A drug which is used to treat the common eye disease glaucoma may have potential as a treatment for Alzheimer's disease, according to scientists at UCL.
In trials on rats, the drug brimonidine, which is routinely used to lower eye pressure in glaucoma patients, has been found to reduce the formation of amyloid proteins in the retina, which are believed to be linked to Alzheimer's. The research was reported in the journal Cell Death and Disease.
Amyloid plaques can be seen in the retinas of people with Alzheimer's, so the researchers say the retina can be viewed as an extension of the brain that provides an opportunity to diagnose and track progression of Alzheimer's.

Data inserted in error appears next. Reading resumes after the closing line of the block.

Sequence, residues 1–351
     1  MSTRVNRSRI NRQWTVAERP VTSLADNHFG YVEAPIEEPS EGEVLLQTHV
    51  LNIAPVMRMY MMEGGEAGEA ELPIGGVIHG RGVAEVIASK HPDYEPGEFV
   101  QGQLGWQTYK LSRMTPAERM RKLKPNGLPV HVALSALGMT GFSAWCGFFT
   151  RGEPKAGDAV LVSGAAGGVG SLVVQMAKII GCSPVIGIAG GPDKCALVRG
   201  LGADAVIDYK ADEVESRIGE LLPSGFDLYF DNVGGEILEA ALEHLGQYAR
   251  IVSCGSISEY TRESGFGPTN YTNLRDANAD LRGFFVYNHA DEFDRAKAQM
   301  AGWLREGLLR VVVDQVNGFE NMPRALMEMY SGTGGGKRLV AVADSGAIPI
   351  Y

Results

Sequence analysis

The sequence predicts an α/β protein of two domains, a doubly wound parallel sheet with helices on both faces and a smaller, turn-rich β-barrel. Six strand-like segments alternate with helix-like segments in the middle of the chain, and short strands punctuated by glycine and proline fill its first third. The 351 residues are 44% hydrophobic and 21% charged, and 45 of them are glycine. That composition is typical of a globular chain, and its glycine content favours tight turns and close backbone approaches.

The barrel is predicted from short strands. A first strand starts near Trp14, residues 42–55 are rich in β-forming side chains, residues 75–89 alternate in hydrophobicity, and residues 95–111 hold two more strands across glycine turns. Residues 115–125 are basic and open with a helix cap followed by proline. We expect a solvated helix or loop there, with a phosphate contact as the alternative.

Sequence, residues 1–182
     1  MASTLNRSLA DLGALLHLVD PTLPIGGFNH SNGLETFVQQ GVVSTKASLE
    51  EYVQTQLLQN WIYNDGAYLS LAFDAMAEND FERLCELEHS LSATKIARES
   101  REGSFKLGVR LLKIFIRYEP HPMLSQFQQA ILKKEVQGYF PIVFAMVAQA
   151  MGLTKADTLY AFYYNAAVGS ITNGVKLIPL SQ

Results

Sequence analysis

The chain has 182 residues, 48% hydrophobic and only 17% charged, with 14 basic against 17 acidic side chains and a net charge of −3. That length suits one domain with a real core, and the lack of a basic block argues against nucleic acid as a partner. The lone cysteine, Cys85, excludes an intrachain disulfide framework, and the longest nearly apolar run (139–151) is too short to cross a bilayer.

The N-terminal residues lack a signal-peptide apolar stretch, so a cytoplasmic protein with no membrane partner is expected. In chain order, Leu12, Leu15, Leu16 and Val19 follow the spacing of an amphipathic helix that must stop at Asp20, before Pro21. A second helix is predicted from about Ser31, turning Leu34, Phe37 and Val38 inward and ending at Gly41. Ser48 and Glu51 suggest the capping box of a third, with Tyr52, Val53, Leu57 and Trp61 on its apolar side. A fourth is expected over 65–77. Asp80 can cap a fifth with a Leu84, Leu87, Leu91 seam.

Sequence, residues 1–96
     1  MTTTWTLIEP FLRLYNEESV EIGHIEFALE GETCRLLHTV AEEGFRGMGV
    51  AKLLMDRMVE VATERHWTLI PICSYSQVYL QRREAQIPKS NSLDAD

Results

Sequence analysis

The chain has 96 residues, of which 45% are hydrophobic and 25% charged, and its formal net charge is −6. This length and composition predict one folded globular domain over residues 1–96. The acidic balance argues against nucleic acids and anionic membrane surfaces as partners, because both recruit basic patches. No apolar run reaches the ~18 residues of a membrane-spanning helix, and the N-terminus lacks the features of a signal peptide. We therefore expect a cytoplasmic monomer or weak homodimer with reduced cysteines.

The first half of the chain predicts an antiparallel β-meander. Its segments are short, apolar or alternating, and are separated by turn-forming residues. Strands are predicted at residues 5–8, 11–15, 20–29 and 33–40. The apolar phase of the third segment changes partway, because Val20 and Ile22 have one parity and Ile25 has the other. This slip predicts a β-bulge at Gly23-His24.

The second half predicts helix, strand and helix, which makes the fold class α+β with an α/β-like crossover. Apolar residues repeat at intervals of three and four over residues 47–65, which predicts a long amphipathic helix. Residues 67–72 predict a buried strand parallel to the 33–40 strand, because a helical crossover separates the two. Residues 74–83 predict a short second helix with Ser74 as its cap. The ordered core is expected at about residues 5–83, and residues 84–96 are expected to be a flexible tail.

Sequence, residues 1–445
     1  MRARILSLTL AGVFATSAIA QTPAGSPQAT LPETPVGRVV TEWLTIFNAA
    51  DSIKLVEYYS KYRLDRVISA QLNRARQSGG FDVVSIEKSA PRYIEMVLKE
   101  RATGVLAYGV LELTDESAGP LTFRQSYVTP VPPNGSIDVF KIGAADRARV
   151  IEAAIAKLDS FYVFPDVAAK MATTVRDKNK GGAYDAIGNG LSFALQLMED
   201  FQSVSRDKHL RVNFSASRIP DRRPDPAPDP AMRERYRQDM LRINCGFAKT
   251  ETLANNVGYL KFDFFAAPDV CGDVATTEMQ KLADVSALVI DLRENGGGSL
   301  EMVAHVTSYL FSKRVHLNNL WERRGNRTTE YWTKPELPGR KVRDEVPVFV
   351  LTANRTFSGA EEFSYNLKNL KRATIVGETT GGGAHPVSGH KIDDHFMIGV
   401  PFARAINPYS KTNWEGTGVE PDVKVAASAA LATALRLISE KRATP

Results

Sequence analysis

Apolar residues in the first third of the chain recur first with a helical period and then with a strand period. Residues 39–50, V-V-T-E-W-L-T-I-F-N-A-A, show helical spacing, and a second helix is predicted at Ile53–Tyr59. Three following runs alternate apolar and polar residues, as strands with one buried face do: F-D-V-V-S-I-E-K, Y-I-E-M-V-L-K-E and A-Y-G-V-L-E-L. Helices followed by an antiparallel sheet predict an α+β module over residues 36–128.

Scientists found that brimonidine reduces neurodegeneration of cells in the retina by cutting the levels of beta amyloid in the eye. This was achieved by using the drug to stimulate the production of an alternative non-toxic protein which does not kill nerve cells.
The researchers hope that the drug will have a similar effect on the brain, although this was not tested in the current study.
"The findings of our study could not have come at a more significant and important moment, given the increased prevalence of Alzheimer's disease. As we live longer, there will be increasing demand for therapies that can help challenge this extremely damaging disease and we believe that our findings can make a major contribution," said Professor Francesca Cordeiro (UCL Institute of Ophthalmology) who led the study.
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Shereen Nizari et al. Non-amyloidogenic effects of α2 adrenergic agonists: implications for brimonidine-mediated neuroprotection, Cell Death and Disease (2016). DOI: 10.1038/cddis.2016.397